Babies born with faults in three key lung genes have 14 times the risk of dying from cot death, researchers say.
Putting a baby to sleep on its back reduces the risk of cot death
All the genes, identified by a team from Manchester University, play a part in the body's immune system.
The researchers say the work, published in New Scientist and Human Immunology, could help identify babies at risk, so they could be closely monitored.
Campaigners welcomed the study, but said cot death was still the main cause of death in babies.
Cot death, also known as SIDS or sudden infant death syndrome, killed 329 babies aged between one month and two years in England and Wales in 2004.
However, rates have been falling since the campaign to place a baby to sleep on its back was launched in 1991.
The Manchester team had previously found there was a link between increased cot death risk and specific variants of a gene called Interleukin 10 (IL-10).
In this study they discovered two further immune system genes - Interleukin-6 (IL-6) and vascular endothelial growth factor (VEGF) - which also increase a baby's risk.
All three genes are involved in the production of chemicals called cytokines which play a key role in ensuring the immune system operates as it should.
The researchers say specific variants of the Interleukin genes mean a baby's immune system goes into overdrive when it encounters a bacterial infection - resulting in cot death.
In the case of VEGF, the variant which is linked to SIDS could also result in poor foetal lung development.
This combination appears to be particular dangerous for babies.
The idea that cot death is linked to flaws in the immune system genes is supported by other studies which linked the condition to common bacteria to which babies may lack immunity.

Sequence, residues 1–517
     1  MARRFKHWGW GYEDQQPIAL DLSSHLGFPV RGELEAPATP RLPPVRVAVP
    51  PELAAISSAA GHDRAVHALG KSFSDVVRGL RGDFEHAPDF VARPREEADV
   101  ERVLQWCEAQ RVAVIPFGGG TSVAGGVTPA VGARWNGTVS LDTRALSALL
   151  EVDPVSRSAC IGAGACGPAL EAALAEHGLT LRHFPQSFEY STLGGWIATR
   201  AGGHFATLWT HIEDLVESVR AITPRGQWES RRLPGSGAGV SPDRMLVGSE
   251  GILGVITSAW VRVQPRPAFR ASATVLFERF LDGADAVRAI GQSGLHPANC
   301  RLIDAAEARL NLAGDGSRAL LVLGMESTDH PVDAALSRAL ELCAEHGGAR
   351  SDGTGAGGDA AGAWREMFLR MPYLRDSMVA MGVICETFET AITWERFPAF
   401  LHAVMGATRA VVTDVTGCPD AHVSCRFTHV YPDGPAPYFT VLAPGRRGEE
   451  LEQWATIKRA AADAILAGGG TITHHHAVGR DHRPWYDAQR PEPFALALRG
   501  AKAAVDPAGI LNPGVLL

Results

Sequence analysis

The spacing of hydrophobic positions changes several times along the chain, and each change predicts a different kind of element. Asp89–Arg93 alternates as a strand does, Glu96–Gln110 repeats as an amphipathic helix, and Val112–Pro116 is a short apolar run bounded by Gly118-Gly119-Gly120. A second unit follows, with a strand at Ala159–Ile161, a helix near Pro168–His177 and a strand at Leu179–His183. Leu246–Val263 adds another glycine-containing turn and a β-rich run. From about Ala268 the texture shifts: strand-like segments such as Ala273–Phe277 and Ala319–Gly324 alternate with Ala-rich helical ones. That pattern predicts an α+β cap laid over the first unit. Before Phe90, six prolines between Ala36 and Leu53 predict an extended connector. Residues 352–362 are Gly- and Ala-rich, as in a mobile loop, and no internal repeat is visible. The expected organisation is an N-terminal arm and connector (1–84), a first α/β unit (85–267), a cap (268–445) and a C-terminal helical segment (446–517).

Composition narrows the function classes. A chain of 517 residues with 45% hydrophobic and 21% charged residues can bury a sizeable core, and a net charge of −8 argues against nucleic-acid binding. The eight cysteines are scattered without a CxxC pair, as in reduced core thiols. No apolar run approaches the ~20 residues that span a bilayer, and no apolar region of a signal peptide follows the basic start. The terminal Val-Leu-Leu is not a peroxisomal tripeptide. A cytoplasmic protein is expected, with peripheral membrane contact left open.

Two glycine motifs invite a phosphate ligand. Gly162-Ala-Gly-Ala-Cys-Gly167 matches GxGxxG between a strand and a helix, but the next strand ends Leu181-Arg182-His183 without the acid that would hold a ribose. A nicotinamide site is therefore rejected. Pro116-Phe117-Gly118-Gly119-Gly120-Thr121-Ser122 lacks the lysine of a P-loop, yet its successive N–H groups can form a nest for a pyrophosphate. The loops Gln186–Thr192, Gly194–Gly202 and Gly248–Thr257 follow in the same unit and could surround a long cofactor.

Infants aged between two and four months in particular have a very weak immune system.
If other known risk factors are present - such as being exposed to cigarette smoke or being placed in the "wrong" position in their cot - a baby's risk becomes greater, the researchers said.
Breastfeeding has been suggested to offer babies protection against infection.
'Miscarriages of justice'
Dr David Drucker, who led the study, said: "This research greatly advances our understanding of the basic causes of SIDS, which is not a single disease but a collection of different causes of death.
"Being able to detect high-risk babies means that health care and social provision can be aimed at the most vulnerable infants.
"In theory, commercially available and licensed human immune serum could be given to those children most at risk."
Dr Drucker, whose has also examined why smoking and sleeping position are risk factors for SIDS, says this latest research will help establish the cause of death in certain cases.
"Forensic scientists would be able to assess the likelihood of a baby dying from SIDS through genetic measurements and so help prevent the sort of tragic miscarriages of justice that have happened in the past."
A spokesman for the Foundation for the Study of Infant Deaths said: "Sudden unexpected death remains the greatest hazard for infants in this country after the neonatal period.
"The mechanism has always been thought to include a vulnerability of individual babies at around two to three months of age.
"We know predisposing factors to this vulnerability such as prematurity, low birth weight, and exposure to cigarette smoke before and after birth.
"And we know of factors in the infants' environment or care such as sleeping on their front or in bedding designed for adults, or overheating, which increase risks."
"Parents and professionals want more work into the factors which make babies vulnerable."